Unpopular opinion: It’s not about the dentistry right now

unpopular-opinion:-it’s-not-about-the-dentistry-right-now

What am I doing to help my practice during this pandemic? I’m drinking great beer and spending some quality time with my loves at home. Really. It’s not about the dentistry right now. Hear me out.

I’m heartbroken. My greatest love has been taken away from me. Dentistry is the only thing I’m good at and the only thing I’ve really invested any time in. I always thought that I could be a great bartender if dentistry didn’t work out but that’s just not in the cards right now since the bars are closed.  What a strange time to be alive.

Y’all. People are freaking out and for good reason. We’re pretty sure that for many of us, our health will be OK but we also don’t know what the financial implications will be. Will our businesses survive 1-3 months of no income? Will our patients forgive us for being closed for so long? Will our team survive financially and want to come back to work with us? Will our patients survive financially and continue wanting non-urgent care? The hardest part about this is that none of us have been through this before so we can’t lean on our mentors the same way that we usually would.

This could be the greatest economic tragedy of our lifetime. It’s heartbreaking, it’s awful. But that’s not what this is about. This is a perfect time for a giant pivot in our lives. We’ve learned so much about generosity, hard work, teamwork, gratitude and community —  it’s time to put it to action outside of our practices.

This is the first time in a long time that we’re not idolizing athletes, rock stars, celebrities and Instagram models. The true heroes have come to the forefront: the doctors, nurses, firefighters and EMTs. Now that toilet paper is the new currency, money doesn’t seem quite so important.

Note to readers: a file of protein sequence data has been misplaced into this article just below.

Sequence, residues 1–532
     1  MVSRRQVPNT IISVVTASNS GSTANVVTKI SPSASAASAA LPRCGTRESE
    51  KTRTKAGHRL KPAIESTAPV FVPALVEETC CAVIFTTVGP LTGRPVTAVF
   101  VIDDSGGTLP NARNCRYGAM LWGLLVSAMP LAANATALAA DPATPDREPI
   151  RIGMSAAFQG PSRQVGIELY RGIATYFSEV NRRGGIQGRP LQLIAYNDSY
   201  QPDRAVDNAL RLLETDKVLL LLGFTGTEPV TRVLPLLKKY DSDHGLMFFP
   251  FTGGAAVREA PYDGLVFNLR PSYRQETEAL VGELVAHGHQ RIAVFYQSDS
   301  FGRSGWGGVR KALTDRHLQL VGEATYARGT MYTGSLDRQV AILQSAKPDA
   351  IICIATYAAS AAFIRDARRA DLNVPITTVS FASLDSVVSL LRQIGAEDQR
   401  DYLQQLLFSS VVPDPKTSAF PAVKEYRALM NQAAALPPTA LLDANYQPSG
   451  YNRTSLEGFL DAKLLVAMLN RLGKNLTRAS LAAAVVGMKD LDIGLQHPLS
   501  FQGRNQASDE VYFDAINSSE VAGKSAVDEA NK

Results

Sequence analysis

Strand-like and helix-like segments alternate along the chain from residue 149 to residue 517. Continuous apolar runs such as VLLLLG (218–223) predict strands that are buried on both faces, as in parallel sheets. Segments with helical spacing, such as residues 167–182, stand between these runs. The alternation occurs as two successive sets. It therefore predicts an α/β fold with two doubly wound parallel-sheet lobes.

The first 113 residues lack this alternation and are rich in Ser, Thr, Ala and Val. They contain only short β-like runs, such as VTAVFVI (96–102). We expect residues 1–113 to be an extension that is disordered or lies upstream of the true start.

Community is important. Sometimes it seems like it’s not because the world is set up so that you don’t have to engage with people. I hope this time helps us realize how connected we actually are. I miss my teammates, my community, and my patients.  I’m excited to get back to dentistry, but until then I’m going to work on being happy, silly, playful, loving and present.  What a wonderful life we have!

No, I’m not completely blowing off my practice. My team members are taken are of, we are answering emergency calls remotely and doing virtual consults as needed. I’ve hired a contractor to take care of some projects around the office. Here are five things you can do today so that you can chill out for the next few weeks and enjoy your life.

  1. Take care of your team!
    If you’re a business owner, this is what you signed up for. If you want the option to kick @$! when things are back to normal then you need to make sure your work family is taken care of now when things are tough. This is non-negotiable.
  2. Take a break.
    Somewhere along the way we’ve learned that our value is in our work. We’ve learned that success means adding more and more to our list until we’re screaming for more time/help/resources. And even when the government mandates that we take a break, somehow we are still trying to find ways to keep the chaos alive; surfing message boards for new ways to keep ourselves and our team members busy, panicking about… Good grief, just take a break! Take off your nerd hat off and look around. Let your team have a break. We can get back to the chaos next month. You want to sleep in late? Eat ice cream for breakfast? Paint? Build a car? DO IT NOW!I plan to drink lots of great beer, cook with ALL of the garlic, hike my buns off, do a lot of yoga, work on my handstand, take some online dance lessons, and spend some quality time with my loves at home. Your list may involve drinking tea and making soap.